A Son Comes Home?- My thoughts before traveling to Japan for the first time
June 22, 2017
I leave tomorrow morning for Japan. We are taking the kids on a two-week adventure through Tokyo, Fukushima, Sendai, Hiroshima, Kyoto, Osaka, and back to Tokyo. I’ve been watching videos of food and scenery in Japan. I am really excited, and this is strange for me. It’s taken a long time for me to feel this way about Japan. Even when Geri started planning this trip last year, I didn’t feel more than a mild curiosity about Japan. As I’ve thought about it for the past few months, I think I understand why.
For most of my life, I assumed I never needed to visit Japan. As a fourth generation American, I, like so many others, inherited layers of self-loathing and shame from my family because of the camps. During and after the war, most Japanese Americans felt they had to prove their allegiance to America by turning their backs on all things Japanese. It makes sense. Being Japanese was the one thing that made them suspect and criminal, so the safest thing to do was to be as American as possible. This makes the bravery of people like Gordon Hirabayashi, Fred Korematsu, Min Yasui, and Mitsuye Endo even more remarkable.
But for my family, Japan was kind of the enemy. There was no standing up for what was right. There was only a need to survive. Whatever mixed feelings my grandparents had for Japan became disinterest, at best, and outright hatred, at worst, in my parents. That’s right. I grew up feeling no connection to Japan. At some point in my parents’ lives, they became aware that some people in Japan see them as lesser Japanese because they grew up in America. Born during incarceration camps and having worked and struggled to achieve middle class success, my parents resented this.
My brother and I picked up on the subtle and sometimes not-so-subtle negative feelings my parents had about Japan and Japanese people. It was a weird place with weird people. My own struggles as a minority and a life lived as an immigrant despite being 4th generation American meant I had the same chip on my shoulder as my dad. I worked my ass off to fit in with white people. Why would I want anything to do with a country and people who might not even claim me as their own when I’ve worked so hard to find identity and belonging in America?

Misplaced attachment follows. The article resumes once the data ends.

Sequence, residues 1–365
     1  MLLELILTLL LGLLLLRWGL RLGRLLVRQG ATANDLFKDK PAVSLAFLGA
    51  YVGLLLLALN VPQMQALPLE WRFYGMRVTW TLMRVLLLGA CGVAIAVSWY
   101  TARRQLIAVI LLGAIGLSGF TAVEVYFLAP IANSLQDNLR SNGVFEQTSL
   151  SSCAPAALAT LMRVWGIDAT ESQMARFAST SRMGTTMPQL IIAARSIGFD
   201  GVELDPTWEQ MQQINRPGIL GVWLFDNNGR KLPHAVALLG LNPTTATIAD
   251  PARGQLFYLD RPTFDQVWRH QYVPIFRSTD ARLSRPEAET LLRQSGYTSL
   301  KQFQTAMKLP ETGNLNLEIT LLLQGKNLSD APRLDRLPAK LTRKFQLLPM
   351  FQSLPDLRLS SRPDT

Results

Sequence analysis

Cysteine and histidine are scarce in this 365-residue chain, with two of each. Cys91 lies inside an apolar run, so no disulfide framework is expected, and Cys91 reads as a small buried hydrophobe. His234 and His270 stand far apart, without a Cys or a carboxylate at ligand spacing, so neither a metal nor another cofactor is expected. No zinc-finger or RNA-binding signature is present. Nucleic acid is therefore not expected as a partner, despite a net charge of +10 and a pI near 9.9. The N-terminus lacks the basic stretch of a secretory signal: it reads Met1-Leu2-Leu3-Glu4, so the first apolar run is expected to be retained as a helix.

I have friends whose families come from China, Taiwan, Korea, Vietnam, Cambodia, the Phillipines, and just about every other country that could be considered, “Asian.” From early on, I noted how their identity included aspects of their “home” countries compared to my disdain for Japan.
I figure I got to be the way I am thusly: 1. My grandparents were proud Japanese people. They got stuck in camps and lost everything because of their being Japanese, despite their complete loyalty to America. They saw their friends and relatives suffer, serve in the military for the very country that fucked them over, and then they all returned to a hellscape of 1940’s California where they were hated by most of the population. Being Japanese, their quiet resolve to put their heads down and push through to survive made them speak very little, if at all of their heritage. Their fear of being seen as an enemy made them speak in hushed tones about their heritage and culture. 2. My parents’ generation internalized this silence on all things Japanese and also had to survive life in America. They were better equipped to make it with their perfect English and natural-born citizenship. They assimilated and owned the “model minority” concept, bettering their lives exponentially from those of their own parents. To my own parents, all things Japanese are strange and foreign. They are gosh darn Americans, after all.
My generation has noted all of this. People like my brother have lived in Japan and found out for themselves what it is to be Japanese. My parents were slightly worried and more than a little offended that their son even wanted to do this. To them, it was counter-intuitive for their son to want to explore this (he taught English and learned Japanese) after all the “progress” the family had made in the 80 years in America.
I am late to the game, but I’m going all in. I am going to Japan. I was hesitant, but curious. After a few months of thinking about it, I am ready. I am Robbin Scott Okamoto. I am a fourth generation Japanese American. I’m proud of my Japanese heritage, and I’m going to see for myself the land from which my family originated. From Heart Mountain to Mt. Fuji (see the similarities?). I can’t get there soon enough.